Despite certain predictable ideological divisions, the latest Supreme Court term recorded a level of agreement not seen since the 1940s. Nearly two‐thirds of the Court’s decisions were unanimous, the highest percentage in seven decades. Nevertheless, the 2013–2014 term involved enough friction to provoke a day’s worth of discussion at the Cato Institute’s Annual Constitution Day Conference. This year marked the 13th and, as always, it coincided with the release of the new Cato Supreme Court Review.
The conference, “The Supreme Court: Past and Prologue — A Look at the October 2013 and 2014 Terms,” featured leading legal experts discussing the most pertinent cases of the last term and what we can expect in the near future from the Supreme Court. Nadine Strossen, former president of the American Civil Liberties Union and a professor at New York Law School, examined McCutcheon v. FEC from her perspective as a self‐proclaimed “First Amendment absolutist.” The case struck down aggregate contribution limits to federal candidates and committees, a decision that Strossen said has been “incredibly maligned and misunderstood.” She continued, “Many of us believe that [what] democracy is all about is that you vote for a candidate and you give money to a candidate because you want that person to share and be responsive to your concerns.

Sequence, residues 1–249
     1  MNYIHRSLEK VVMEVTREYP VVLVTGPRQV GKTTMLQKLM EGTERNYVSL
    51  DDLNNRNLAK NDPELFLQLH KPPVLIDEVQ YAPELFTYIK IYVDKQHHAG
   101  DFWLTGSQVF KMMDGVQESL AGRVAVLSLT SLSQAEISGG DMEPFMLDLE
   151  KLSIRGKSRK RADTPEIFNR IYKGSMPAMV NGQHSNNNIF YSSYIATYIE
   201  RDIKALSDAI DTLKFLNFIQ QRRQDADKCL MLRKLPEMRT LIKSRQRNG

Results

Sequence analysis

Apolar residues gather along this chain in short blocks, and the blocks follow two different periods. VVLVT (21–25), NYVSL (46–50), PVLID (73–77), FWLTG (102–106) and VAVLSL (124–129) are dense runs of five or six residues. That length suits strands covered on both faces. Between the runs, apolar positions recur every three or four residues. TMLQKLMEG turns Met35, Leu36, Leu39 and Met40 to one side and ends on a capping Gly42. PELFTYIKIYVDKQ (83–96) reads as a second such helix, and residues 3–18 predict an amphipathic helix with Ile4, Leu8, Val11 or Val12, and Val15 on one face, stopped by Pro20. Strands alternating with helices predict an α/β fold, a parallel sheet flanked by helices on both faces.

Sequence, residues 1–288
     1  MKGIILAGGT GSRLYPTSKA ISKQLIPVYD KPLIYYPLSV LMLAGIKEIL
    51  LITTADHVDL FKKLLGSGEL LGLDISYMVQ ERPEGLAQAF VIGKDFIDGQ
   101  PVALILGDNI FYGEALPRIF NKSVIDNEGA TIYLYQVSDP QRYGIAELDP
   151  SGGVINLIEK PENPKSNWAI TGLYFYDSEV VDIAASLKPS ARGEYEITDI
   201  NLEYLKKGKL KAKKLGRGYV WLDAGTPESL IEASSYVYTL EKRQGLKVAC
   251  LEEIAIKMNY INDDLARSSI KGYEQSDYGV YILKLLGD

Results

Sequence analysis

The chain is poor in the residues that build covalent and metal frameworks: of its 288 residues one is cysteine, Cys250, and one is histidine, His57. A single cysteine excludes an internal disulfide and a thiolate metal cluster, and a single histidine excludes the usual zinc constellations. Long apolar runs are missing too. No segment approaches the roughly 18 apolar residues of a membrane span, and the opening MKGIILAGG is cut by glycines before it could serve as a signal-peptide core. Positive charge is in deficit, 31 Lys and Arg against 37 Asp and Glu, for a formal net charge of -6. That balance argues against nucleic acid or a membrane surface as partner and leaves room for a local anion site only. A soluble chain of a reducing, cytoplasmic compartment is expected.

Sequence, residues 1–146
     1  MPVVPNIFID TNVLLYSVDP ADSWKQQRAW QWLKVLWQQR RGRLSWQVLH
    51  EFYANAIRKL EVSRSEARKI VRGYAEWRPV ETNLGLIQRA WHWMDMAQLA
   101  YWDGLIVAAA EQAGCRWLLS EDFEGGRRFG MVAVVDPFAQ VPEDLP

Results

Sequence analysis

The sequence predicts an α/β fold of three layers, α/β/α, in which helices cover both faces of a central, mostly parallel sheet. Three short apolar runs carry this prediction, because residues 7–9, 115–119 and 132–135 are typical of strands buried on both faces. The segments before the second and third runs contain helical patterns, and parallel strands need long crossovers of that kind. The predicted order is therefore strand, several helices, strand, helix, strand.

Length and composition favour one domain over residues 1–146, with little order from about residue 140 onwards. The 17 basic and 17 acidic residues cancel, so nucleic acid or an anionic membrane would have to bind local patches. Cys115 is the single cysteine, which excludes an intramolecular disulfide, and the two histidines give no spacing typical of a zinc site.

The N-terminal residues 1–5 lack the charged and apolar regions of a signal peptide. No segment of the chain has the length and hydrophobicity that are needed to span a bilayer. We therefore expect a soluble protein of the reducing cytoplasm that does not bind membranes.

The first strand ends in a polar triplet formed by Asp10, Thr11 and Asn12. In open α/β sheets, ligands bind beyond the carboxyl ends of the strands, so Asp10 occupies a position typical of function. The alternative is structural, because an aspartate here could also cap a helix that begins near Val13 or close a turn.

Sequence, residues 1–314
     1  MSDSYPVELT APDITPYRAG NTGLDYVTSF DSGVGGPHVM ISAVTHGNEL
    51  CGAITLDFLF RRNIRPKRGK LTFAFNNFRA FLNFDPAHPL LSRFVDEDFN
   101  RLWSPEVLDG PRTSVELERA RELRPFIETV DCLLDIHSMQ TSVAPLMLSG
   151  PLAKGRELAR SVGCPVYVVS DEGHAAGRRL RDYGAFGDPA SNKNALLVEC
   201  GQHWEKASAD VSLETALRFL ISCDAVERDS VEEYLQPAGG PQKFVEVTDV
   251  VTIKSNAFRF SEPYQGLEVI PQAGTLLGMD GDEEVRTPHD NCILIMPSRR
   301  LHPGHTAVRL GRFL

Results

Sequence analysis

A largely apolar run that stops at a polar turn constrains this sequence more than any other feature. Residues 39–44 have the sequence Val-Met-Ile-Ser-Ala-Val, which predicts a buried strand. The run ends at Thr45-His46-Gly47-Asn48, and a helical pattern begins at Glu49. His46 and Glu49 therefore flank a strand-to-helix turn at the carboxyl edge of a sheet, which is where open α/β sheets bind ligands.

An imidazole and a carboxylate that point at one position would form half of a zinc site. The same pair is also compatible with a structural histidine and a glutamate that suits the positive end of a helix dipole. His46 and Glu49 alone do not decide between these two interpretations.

That’s not corruption; that is democracy.” With characteristic wit, P. J. O’Rourke, America’s leading political satirist and an H. L. Mencken research fellow at Cato, discussed an Ohio election law that makes it a crime to lie about politicians. Joined by O’Rourke, the Institute filed an amicus brief in the resulting case — which, the humorist said, reminded the Court of the importance of “truthiness” in American civics, as well as the role of satire and spin more broadly. Politico called it “the most entertaining — if not the greatest — legal brief in American history.”
Nicholas Quinn Rosenkranz, a professor at Georgetown University Law Center and a senior fellow at the Cato Institute, addressed Bond v. United States — “that typical case of federalism, adultery, and chemical weapons,” as Review editor‐in‐chief Ilya Shapiro described it. The case involved a defendant being brought up, not on charges of assault, but on violating the international chemicalweapons treaty. This was the second time the case has come before the Court and the second time that the government’s position lost unanimously. Rosenkranz’s scholarship planted the seed for the case, which challenged the idea that the federal government could gain extra powers — beyond those constitutionally enumerated — according to a duly ratified treaty.
The day closed with the annual B. Kenneth Simon Lecture, during which a distinguished legal scholar presents a paper that will be included in the following year’s Cato Supreme Court Review. This September, the Hon. Diane Sykes — a federal judge on the U.S. Court of Appeals for the Seventh Circuit and a former justice of the Wisconsin Supreme Court — criticized judicial minimalism, a legal approach that avoids broad rules and abstract theories. (See page 9.) Minimalism, she said, is both “unworkable and unwise.” “The Court’s legitimacy arises from the source of its authority — which is, of course, the Constitution — and is best preserved by adhering to decision methods that neither expand, nor contract, but legitimize the power of judicial review,” Sykes concluded. “The Court’s primary duty, in short, is not to minimize its role or avoid friction with the political branches, but to try as best it can to get the Constitution right.